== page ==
Matangi, October 2018 – The finals are today and the Matangi under-20 girl’s netball team is running through training drills. Their coach, Jennifer Tai, laughs as slippery hands sometimes fumble the ball, but you can tell she is serious about this last practice.
But this is a side project for the coach. Jennifer’s main focus is off the court, addressing community problems and supporting justice in her small rural community of Matangi on Bellona Island, in the remote south of the Solomon Islands.
In this male-dominated culture, Jennifer has become a rock of stability for her local community, helping to settle and refer land disputes, addressing domestic violence issues and speaking with youth about the challenges they face.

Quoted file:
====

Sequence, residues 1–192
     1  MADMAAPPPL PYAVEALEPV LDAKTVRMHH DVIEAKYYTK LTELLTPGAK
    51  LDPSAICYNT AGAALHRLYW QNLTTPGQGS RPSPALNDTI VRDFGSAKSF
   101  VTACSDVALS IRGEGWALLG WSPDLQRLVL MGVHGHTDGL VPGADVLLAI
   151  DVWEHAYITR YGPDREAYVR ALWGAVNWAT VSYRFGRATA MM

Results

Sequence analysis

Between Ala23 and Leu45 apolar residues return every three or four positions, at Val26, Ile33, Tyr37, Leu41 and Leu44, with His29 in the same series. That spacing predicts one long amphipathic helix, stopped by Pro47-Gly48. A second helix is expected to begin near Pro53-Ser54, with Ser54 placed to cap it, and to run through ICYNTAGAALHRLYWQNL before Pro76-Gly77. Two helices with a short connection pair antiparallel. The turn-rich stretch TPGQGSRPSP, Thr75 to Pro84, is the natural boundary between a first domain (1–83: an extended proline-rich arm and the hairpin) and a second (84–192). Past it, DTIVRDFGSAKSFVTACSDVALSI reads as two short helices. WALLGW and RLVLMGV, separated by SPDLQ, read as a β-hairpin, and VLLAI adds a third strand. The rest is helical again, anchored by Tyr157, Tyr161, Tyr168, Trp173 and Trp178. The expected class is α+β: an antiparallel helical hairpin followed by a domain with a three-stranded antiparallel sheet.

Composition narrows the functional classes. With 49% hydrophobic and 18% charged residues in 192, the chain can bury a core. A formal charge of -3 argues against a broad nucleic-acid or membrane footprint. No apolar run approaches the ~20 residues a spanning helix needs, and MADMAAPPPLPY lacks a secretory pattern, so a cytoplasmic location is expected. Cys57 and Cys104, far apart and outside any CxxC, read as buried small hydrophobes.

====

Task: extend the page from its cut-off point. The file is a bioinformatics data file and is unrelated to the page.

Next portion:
Community governance and grievance management
Jennifer’s community voted to have her as their Community Officer as part of the Solomon Island’s government Community Governance and Grievance Management Program. The World Bank and Australian government sponsored program was established to help create a first line of contact for people in rural and remote communities to resolve disturbances and seek justice for crimes.
Considering the distance from provincial police posts and the difficulty of providing state services in a country that sits across nearly 1,000 islands, addressing community grievances can be incredibly difficult.
Crucially, Community Officers come directly from within the communities. They are the cousins, teachers, friends and neighbors of the people they support. They work in the villages in which they live to solve community disputes and direct problems to relevant state authorities if other solutions can’t be found.